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Fake nurse gets 57 months in jail for working at health care facilities without a license

Benjamin David Danneman, 37, of Eureka, Mo., was employed by at least three local health care organizations that should be conferring with lawyers now. On June 12, Danneman was sentenced to 57 months in prison for working for them as a nurse and, in one case, as an assistant director of nursing without a nursing license.

According to the U.S. Attorney's office for Eastern Missouri, Danneman had been using other people's Social Security numbers and other identifying data to create fraudulent identities for himself until  he ran afoul of health care law by taking a nursing gig without proper licensure. 

Using the credentials of an actual Texas nurse, Danneman signed up with personnel agency Favorite Healthcare Staffing Inc., according to the St. Louis Post-Dispatch. He was then hired as a nurse by Alexian Brothers Sherbrooke Village and the Rehabilitation Institute of St. Louis before Favorite Healthcare Staffing gave him a urine test that came back positive for amphetamines. Somehow he later managed to get hired by Des Peres Healthcare in a $68,000-a -year position as their assistant director of nursing, in which role he "was responsible for the day-to-day care of patients needing skilled nursing care" at Quarters of Des Peres,  the U.S. Attorney says.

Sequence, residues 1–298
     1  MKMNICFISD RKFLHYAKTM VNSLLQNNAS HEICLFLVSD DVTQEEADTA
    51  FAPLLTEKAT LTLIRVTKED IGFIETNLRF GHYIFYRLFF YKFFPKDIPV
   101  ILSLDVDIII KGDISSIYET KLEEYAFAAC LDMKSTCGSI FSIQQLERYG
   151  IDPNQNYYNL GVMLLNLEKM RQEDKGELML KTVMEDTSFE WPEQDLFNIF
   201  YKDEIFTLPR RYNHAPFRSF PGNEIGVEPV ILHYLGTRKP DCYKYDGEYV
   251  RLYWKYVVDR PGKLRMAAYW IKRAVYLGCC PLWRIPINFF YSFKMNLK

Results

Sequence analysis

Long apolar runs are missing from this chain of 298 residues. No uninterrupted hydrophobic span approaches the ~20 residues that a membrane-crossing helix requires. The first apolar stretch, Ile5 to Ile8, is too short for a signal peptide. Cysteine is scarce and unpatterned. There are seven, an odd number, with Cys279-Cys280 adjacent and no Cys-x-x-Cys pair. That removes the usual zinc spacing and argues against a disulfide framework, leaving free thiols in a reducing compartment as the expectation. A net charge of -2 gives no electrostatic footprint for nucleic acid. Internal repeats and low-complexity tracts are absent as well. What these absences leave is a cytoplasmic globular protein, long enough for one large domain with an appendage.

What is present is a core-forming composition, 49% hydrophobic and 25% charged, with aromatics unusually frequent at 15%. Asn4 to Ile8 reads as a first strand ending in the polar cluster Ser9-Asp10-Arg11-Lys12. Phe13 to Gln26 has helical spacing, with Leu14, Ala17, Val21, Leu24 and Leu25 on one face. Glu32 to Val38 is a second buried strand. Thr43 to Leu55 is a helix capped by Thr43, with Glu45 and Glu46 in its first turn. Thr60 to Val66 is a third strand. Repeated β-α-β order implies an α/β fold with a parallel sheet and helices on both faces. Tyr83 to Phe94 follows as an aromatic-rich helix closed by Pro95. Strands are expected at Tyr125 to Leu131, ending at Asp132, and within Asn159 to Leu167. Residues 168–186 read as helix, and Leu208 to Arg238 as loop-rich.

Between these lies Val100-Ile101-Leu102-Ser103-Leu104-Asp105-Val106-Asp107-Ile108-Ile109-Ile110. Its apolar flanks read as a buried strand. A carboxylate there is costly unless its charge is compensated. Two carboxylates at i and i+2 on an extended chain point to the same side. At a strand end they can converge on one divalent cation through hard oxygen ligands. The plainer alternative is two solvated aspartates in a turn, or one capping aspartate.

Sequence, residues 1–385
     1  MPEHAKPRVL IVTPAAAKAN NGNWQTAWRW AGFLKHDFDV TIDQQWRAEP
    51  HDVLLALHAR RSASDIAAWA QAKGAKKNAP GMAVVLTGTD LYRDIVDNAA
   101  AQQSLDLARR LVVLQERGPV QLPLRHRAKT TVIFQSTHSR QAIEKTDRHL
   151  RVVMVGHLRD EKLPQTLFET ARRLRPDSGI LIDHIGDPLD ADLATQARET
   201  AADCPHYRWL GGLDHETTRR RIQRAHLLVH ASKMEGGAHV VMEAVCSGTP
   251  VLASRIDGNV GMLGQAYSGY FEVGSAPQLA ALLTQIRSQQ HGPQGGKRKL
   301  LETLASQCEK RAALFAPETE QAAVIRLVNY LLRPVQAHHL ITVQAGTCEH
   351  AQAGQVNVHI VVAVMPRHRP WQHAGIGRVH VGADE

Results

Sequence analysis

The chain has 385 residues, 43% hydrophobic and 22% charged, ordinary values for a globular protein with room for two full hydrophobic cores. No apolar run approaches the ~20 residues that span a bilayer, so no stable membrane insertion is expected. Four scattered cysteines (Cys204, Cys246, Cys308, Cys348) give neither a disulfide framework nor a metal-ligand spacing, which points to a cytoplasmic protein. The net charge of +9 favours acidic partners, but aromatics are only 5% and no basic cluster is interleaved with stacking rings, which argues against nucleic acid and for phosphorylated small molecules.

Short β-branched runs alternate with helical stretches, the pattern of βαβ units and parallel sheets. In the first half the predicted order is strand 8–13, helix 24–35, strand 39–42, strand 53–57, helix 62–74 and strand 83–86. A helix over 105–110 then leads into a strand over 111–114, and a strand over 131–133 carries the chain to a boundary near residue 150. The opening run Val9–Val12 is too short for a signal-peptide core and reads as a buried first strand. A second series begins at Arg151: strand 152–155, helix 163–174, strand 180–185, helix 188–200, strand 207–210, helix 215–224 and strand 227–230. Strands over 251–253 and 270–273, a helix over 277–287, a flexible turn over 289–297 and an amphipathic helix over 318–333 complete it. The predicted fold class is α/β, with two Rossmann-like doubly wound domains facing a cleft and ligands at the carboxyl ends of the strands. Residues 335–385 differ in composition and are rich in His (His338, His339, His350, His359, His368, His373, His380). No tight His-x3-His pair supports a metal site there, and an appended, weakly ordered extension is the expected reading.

Danneman was busted after trying to pass background checks in February of last year. Records in the case have been sealed but the docket shows Danneman tried at first to represent himself and was finally issued a public defender before pleading guilty in March of this year.

Danneman's not the only one who's facing trouble now: Health care facilities that use unlicensed people to provide medical services can be required to return payments associated with their work and fined, as readers of our Part B News story, "Do all the groundwork to avoid employing fraudulent staff, paying back charges" (subscription), will know. All the more reason to check your medical staff's credentials, even if they come from an employment agency. 

Blog Tags: anti-fraud, compliance, OIG
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